In 2011, work was begun on several outdoor features: an interpretive nature trail, an outdoor classroom, and a rain garden.
The nature trail that winds through the woods behind the Community Center is highlighted by eleven different species of trees, all soon to be identified by interpretive signs. These include a climbable box elder (a great photo prop!), slippery elm, and a massive oak that marks the trail entrance. A brochure describing plant life along the trail is planned.
Located in a clearing midway along the trail, the outdoor classroom provides numerous benches for outdoor educational activities. Teachers, parents, and group leaders of all kinds are welcome to make use of this space.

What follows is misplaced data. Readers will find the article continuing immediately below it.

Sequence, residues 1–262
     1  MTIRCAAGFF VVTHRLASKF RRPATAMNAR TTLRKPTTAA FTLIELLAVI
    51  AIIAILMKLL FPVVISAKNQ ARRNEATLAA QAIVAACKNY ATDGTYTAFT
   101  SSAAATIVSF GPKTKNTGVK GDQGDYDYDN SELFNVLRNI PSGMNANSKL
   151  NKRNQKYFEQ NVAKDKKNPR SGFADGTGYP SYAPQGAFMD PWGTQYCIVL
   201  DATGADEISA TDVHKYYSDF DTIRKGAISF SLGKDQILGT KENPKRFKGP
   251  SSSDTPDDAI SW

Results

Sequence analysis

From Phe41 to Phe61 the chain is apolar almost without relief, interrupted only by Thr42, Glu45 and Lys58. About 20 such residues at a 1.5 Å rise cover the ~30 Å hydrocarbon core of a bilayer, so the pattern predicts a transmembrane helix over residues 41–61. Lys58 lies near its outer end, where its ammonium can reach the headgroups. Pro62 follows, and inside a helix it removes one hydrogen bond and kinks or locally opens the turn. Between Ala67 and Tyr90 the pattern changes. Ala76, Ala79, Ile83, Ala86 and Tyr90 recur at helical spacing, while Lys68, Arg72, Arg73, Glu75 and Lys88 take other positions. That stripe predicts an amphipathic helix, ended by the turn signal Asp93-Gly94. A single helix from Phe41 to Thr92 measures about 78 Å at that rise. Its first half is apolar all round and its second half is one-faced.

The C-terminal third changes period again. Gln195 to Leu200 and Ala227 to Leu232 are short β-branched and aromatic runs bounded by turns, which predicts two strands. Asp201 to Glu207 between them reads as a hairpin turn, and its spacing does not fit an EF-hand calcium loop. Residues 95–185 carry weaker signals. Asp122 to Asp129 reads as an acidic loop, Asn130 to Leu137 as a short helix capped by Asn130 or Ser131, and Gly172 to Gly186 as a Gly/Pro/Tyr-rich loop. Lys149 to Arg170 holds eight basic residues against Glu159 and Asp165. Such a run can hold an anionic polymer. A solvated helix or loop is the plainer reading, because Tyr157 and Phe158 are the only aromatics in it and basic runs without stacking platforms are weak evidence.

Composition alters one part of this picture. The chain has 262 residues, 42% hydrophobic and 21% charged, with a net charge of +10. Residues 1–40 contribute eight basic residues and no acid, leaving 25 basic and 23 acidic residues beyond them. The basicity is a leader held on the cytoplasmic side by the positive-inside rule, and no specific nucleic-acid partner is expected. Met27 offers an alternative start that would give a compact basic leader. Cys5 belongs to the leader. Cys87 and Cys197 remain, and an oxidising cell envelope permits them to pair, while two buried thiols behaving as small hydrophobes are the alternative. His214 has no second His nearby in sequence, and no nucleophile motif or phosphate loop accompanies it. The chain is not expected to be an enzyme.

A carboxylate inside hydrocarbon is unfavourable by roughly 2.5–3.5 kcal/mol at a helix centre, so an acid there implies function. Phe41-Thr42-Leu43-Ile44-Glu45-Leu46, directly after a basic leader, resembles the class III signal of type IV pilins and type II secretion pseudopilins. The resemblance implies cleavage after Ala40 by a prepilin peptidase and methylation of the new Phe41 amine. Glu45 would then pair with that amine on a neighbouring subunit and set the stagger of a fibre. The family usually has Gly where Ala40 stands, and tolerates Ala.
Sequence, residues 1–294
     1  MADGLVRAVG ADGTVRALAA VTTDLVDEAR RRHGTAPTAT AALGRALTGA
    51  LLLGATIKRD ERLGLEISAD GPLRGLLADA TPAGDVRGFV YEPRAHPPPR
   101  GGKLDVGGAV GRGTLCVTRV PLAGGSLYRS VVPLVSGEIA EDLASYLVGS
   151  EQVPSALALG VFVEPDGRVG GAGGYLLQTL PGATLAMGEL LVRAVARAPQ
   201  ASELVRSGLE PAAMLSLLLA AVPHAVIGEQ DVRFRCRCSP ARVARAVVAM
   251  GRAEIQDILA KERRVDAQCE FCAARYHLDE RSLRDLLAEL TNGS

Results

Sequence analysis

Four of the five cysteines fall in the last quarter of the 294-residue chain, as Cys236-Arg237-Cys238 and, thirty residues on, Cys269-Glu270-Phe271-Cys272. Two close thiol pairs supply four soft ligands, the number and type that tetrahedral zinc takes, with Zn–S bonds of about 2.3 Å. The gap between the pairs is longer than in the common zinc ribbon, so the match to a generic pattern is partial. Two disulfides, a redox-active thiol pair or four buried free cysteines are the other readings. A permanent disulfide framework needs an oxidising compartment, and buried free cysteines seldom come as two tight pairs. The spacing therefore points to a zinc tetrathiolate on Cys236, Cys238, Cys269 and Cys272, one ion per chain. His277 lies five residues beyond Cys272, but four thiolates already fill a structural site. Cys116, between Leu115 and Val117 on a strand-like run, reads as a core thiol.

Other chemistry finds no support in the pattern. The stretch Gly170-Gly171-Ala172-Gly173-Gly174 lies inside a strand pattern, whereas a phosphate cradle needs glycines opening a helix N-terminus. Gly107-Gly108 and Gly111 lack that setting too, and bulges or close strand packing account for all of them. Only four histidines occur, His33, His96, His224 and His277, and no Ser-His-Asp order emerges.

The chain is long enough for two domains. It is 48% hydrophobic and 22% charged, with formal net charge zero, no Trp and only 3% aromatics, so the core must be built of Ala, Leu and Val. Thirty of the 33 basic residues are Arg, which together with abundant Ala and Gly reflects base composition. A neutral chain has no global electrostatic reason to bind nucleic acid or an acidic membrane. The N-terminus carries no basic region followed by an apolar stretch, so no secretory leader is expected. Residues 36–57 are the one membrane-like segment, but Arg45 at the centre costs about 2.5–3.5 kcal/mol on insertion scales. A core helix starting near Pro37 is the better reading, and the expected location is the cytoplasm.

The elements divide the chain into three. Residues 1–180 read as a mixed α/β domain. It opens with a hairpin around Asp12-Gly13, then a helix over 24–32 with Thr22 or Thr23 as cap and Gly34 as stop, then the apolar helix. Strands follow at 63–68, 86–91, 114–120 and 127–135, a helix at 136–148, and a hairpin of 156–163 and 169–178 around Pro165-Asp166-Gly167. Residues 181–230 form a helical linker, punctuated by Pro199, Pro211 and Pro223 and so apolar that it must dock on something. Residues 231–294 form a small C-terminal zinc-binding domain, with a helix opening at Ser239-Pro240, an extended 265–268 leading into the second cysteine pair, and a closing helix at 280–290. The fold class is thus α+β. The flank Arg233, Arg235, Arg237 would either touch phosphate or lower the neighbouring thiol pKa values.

Our rain garden is a living demonstration of conservation at work. Roughly a third of the runoff from the Community Center’s 12,000-square-foot roof is diverted to the garden, where plants and multiple soil layers filter runoff before it enters the groundwater system.
The garden includes native plants such as coneflowers and cardinal plants, which will not require fertilizer, are tolerant of the local climate, soil, and water conditions, and will attract native birds and butterflies. A wooden bridge provides up-close views of the garden and the many species of butterflies and birds it attracts.
Shaded by the oak at the entrance to the nature trail, a picnic table provides a vantage of both the playground and the rain garden. Together, these features encourage our planners’ “no child left indoors” philosophy.